I have been scared a few times in my travels (restaurant bills in Europe scare the hell out of me for a start), but thankfully nothing too bad has happened to me. Actually, that’s not true. I didn’t die or break any bones or end up in jail, but I have had a few almost-poo-your-pants moments. Here are my Top 5 Scariest Encounters (in no particularly scary order):
Gun to the head – Trans Mongolian train, Russia
The train was trundling along through the middle of Siberia when I was confronted by two scarily drunk Russians on my way back from the dining car. One asked a me a question in Russian and when I said that I didn’t understand he began shouting at me and grabbed my arm so I couldn’t get away. Then he reached into his jacket and brought out a gun. A gun? It took my brain a second to register that he was holding a real-life handgun. As he was bringing the gun up to my head his friend screamed out ‘NYEY! NYET! and grabbed his arm. The gun fell to the floor. They both dived to the ground and a struggle for the gun ensued. It took me another few seconds for my brain to figure out that it was probably a good idea to get the hell out of there. I did get back to my compartment, but I never did see them again and I’ll never know whether he was just trying to scare me, rob me or murder me and throw me off the train into the Siberian wilderness (which happens quite a bit apparently).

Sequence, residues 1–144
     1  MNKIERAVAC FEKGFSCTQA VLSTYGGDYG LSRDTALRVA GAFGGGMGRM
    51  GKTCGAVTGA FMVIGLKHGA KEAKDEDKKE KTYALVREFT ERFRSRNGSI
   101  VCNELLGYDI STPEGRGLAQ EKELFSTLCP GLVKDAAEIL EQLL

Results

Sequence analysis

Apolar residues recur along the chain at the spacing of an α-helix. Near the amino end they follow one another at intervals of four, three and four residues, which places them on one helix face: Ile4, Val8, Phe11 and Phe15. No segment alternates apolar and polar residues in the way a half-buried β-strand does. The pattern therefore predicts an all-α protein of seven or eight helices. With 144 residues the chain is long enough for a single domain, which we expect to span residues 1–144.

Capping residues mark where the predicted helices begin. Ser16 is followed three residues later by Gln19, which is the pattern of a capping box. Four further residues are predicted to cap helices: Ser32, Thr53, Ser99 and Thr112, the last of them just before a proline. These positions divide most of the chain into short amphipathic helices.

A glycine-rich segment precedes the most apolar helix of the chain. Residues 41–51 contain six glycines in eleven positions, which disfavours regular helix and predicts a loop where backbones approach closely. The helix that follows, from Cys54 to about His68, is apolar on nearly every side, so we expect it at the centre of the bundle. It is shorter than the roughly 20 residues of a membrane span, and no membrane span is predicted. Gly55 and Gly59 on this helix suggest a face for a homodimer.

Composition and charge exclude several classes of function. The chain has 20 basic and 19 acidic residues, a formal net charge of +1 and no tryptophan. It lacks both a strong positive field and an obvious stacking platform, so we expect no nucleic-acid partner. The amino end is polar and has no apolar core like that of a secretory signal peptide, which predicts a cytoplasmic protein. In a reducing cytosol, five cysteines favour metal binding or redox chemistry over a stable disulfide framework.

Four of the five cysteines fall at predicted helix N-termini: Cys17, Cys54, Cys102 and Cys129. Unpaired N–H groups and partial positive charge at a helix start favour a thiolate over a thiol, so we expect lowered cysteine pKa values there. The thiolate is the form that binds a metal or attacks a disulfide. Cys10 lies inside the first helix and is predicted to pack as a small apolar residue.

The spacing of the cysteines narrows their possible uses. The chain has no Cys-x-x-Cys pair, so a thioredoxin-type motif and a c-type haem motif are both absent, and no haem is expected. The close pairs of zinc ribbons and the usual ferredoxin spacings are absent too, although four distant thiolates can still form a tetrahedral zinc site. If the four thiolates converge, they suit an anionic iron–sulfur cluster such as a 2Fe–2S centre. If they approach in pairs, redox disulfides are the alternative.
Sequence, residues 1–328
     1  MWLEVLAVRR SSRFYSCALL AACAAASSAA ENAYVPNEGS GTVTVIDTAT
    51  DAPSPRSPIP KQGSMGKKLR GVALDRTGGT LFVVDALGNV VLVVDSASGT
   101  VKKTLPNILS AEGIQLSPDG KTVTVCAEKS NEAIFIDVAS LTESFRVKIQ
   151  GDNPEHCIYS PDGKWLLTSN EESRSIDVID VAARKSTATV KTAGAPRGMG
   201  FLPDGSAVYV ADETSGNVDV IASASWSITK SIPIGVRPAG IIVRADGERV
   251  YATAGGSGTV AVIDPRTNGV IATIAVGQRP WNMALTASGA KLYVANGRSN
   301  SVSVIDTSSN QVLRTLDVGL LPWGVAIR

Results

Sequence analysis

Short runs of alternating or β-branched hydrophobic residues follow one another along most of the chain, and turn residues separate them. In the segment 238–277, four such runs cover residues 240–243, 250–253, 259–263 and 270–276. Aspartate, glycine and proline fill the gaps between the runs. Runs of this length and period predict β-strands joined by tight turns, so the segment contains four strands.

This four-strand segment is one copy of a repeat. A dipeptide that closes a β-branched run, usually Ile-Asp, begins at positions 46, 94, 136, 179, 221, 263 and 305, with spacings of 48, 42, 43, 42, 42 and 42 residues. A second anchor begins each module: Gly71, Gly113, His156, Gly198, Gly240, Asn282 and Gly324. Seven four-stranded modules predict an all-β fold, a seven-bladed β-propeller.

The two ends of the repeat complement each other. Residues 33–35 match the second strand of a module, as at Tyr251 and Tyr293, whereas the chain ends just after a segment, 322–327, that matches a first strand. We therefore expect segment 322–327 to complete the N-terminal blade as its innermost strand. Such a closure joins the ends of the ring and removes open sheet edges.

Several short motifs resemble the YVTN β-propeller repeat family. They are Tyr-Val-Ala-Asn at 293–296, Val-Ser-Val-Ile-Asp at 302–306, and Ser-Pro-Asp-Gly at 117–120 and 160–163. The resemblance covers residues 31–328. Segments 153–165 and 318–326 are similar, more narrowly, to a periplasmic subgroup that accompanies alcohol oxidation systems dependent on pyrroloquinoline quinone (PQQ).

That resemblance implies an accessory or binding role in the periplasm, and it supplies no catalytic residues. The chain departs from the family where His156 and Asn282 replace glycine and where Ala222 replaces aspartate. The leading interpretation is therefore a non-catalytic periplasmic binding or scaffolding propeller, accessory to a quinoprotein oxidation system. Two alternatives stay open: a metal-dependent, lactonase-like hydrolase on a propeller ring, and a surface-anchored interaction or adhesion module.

Motorcycle crash – Koh Samui, Thailand
Okay, I’m not a very good motorcycle rider and I’ve had a few crashes in my travels, but one crash was not only so frightening, but I was worried that I was going to bleed to death before I got back to civilisation. I’d ridden up a steep dirt track to a view point, but riding down was not so easy – particularly with my riding skills. It certainly didn’t help that I lacked the most basic of skills and I had to use my feet for balance, so could only use the hand brake. I had my hand tightly gripped around the handbrake as I crawled down the steep hill at a snail’s pace when suddenly the handbrake cable snapped. The bike (and I) hurled down the steep hill at full speed. How could I stop? In the split second that I had to make a decision I pointed the bike towards the jungle, but the bike tipped over and dragged me along the ground. I was still holding on (in hindsight, that was probably not a good idea). The bike stopped dead and I lay on the track covered in blood. My leg had torn open and blood was gushing out all over me. Anyway, I somehow managed to jump back on the motorbike and get my foot on the brake (and crawl down the hill) then spent a painful two hours riding in first gear (my leg had seized up and I couldn’t change gears) back to ‘town’ while being chased by dogs and bleeding all over the seat. And do you know what? On my very next trip to Asia I hired a motorbike again – and fell off again.
Violently ill – Togo, Africa